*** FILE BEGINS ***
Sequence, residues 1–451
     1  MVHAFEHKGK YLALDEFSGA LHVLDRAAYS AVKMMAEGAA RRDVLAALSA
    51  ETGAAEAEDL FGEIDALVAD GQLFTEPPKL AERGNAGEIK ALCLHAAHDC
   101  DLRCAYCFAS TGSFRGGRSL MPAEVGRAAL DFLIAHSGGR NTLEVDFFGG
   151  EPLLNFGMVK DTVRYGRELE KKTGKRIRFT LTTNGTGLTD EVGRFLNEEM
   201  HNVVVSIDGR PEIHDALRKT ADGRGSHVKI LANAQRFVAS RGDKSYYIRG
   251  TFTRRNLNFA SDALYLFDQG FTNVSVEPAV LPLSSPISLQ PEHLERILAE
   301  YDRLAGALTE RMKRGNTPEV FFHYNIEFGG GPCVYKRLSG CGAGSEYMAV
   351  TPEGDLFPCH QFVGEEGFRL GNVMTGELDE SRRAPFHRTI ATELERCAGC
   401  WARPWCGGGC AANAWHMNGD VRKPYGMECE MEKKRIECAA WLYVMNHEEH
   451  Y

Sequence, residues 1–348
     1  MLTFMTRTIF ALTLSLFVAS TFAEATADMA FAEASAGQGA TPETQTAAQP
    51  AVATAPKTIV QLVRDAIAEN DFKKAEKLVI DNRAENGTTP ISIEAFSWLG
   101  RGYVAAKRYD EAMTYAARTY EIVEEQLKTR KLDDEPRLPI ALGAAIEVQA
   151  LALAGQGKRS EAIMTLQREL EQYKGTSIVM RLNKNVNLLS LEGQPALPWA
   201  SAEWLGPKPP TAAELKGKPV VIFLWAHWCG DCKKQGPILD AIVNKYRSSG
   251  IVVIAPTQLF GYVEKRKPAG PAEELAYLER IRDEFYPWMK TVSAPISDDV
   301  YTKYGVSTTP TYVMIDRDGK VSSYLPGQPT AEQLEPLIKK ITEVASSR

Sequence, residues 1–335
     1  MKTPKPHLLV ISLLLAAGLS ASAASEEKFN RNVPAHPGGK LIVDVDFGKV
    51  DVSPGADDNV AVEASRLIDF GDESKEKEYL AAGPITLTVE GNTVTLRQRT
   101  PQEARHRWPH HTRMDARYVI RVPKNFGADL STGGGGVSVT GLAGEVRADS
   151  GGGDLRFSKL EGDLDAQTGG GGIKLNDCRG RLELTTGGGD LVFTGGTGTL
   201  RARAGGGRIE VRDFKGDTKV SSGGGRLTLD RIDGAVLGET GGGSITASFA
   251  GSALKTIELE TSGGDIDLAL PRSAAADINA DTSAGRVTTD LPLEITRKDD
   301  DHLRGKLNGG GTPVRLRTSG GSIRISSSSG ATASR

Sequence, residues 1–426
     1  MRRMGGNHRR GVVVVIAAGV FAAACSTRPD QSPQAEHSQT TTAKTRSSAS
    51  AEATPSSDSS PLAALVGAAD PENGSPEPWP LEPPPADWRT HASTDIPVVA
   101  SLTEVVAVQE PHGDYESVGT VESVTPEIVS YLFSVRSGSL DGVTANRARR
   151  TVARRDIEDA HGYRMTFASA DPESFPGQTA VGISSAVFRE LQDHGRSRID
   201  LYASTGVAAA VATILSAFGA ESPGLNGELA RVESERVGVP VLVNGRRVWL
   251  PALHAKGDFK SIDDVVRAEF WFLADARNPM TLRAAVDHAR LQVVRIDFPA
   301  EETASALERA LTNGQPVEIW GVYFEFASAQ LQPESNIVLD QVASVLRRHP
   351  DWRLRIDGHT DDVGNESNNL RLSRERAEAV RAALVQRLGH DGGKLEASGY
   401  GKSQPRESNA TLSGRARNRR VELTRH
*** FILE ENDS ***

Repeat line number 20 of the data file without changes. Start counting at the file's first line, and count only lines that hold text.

Sequence, residues 1–335